Is Jesus a Part of Your Busy Life?

Here’s a video I came across today that comes very nicely after finishing my story.

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4 responses to “Is Jesus a Part of Your Busy Life?

  1. Hmm. The part that resonates for me is determining whether placing God “first” is a reality or just a nice idea. She makes a valid point.

    Let’s be honest: even in listening to this message, it’s not hard for people to be stirred to vocalize commitment, but inevitably purity is less about making bold statements about God’s place in our lives, and more about placing ourselves on the altar for daily consecration.

    If someone had asked me five years ago if I would give up Facebook and video games for God, I would have said, “Sure,” all the while considering it a theoretical question that did not require a radical response. The next day I would continue giving these activities more time than Him, and I would justify my behavior since He didn’t ask it of me and it wasn’t explicitly harmful.

    These activities no longer have a place in my life. Are they bad? No. They’re merely common. While there’s nothing inherently wrong with the majority of common things, common is still the opposite of holy.

    I could never make a theoretical commitment to give up common things and expect to keep it. Rather, it was through filling my life with holy things that I eliminated the distractions. The man who sat in solitude could have just as likely returned to a cluttered life; it was because he sought the Lord in confinement that common things were no longer a satisfactory replacement.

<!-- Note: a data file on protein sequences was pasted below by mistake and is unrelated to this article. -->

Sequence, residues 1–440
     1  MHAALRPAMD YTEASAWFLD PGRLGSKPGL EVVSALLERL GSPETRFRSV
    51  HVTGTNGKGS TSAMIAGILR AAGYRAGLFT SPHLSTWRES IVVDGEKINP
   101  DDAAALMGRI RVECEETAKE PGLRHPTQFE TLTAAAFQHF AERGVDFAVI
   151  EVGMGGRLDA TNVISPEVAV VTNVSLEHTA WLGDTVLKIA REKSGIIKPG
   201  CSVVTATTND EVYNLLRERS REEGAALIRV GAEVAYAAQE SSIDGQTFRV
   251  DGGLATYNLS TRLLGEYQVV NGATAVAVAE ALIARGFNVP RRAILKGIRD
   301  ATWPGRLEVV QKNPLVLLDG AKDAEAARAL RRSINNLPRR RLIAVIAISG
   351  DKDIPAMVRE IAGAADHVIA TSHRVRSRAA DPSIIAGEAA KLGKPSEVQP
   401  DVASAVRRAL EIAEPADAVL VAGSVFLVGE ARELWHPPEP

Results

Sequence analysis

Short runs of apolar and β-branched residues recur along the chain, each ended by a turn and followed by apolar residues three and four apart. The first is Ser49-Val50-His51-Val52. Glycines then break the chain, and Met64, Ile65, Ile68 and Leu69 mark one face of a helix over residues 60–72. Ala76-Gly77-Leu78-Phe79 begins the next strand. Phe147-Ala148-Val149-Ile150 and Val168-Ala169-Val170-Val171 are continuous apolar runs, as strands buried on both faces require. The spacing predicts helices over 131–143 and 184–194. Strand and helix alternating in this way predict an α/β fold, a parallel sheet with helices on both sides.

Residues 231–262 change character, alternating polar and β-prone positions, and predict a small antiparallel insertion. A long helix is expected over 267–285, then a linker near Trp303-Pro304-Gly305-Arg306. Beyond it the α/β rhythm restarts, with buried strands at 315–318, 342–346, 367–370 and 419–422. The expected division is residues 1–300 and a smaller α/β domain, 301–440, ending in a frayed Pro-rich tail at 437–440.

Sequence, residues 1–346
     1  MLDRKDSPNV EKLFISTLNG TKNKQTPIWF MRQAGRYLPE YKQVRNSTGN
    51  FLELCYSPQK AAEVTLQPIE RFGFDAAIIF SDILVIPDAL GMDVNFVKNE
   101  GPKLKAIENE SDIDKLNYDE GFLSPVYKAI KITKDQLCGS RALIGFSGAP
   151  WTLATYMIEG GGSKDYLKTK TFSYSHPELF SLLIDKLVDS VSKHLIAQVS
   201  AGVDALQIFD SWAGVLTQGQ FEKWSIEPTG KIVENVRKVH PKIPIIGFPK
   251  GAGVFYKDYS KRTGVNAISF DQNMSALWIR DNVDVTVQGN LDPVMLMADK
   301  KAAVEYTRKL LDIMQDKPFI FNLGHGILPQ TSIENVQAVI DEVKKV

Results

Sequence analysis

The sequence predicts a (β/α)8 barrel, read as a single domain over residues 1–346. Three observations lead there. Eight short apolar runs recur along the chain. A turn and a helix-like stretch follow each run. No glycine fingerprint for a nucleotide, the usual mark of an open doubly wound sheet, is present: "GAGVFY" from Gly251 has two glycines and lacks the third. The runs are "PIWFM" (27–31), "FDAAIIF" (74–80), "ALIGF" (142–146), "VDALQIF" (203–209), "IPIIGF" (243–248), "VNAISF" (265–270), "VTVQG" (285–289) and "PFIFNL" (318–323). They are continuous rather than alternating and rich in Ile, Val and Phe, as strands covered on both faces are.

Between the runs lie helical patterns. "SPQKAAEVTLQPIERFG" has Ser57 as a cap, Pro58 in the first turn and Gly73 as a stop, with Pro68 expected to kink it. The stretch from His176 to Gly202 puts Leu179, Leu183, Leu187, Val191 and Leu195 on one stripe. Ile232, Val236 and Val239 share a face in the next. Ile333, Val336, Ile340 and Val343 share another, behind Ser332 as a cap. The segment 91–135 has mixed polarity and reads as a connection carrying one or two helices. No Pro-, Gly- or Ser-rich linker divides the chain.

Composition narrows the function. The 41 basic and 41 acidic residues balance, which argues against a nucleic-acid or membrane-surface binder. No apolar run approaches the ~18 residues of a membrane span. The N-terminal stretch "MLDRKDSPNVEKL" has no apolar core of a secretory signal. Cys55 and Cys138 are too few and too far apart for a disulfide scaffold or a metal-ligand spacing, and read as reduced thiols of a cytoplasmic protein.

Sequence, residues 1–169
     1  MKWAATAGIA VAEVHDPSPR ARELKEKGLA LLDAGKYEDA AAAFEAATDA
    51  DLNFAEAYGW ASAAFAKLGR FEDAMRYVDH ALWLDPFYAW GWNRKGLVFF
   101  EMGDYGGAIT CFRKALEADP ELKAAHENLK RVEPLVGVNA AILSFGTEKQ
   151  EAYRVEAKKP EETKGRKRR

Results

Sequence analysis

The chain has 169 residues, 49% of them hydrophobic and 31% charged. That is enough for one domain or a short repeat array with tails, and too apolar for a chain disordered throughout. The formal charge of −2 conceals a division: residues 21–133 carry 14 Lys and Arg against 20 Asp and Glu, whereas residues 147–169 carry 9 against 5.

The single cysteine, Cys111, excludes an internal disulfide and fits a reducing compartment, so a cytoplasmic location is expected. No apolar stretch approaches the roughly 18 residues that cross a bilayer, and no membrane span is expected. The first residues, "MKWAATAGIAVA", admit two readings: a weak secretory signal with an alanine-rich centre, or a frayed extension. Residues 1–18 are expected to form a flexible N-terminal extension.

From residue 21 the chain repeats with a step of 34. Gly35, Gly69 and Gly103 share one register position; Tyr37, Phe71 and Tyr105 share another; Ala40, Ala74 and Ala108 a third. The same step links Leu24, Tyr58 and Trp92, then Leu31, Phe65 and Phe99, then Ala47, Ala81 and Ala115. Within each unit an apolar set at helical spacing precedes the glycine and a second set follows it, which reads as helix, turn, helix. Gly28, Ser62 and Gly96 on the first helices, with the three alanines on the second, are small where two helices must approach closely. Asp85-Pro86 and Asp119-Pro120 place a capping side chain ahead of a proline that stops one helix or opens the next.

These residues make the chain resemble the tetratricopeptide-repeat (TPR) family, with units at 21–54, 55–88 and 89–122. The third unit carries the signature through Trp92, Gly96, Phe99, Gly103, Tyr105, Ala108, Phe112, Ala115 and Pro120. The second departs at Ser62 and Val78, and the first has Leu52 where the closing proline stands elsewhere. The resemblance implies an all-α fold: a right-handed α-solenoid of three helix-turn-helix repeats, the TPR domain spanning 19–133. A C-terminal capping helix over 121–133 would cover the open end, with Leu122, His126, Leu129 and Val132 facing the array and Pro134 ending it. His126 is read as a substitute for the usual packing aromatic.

People have idols because they do not prioritize well, but more so because they view their idols as an adequate (and easier) substitute for holy things. The rich young ruler gave Jesus his time and made flattering statements about Him, but the man’s idol was exposed through the satisfaction he received from it. Had Christ not asked him to give up his money, it wouldn’t have been less an idol.

    I think giving up our idols is an important thing, but it is secondary to filling our lives with Christ. If we do the latter and find the richness of His Spirit, the idols seem ridiculous in comparison; we disregard them by default. We completely lose our appetite for common things when we taste of His goodness. If we haven’t…it’s because we haven’t.

    Thus, I raise a different question than whether we’re theoretically willing to give up our comforts — are we ready to ask for and receive the fullness of His Presence?

    • I’m glad to hear your thoughts and I completely agree with you. It’s running after God in the midst of life that’s important and when we’re able to do this we will also find him in solitary confinement.

      At the same time as you were writing this I sat in my living room thinking about the difference between vocalizing bold statements and actually living out what I say. I am going to start walking the talk more than I have before.

      I don’t expect people to give up social networking or whatever else they do all the time and I don’t want this message to be guilting them to do so. I am hoping they realize that Jesus is enough, not that he has to be the only good part of their lives, but that he would be part of their lives in the first place.

      Good question, “Are we ready to ask for and receive the fullness of His Presence?” even if we spent all day every day reading the bible and praying but we weren’t ready to say “yes” to this question we wouldn’t be gaining much.

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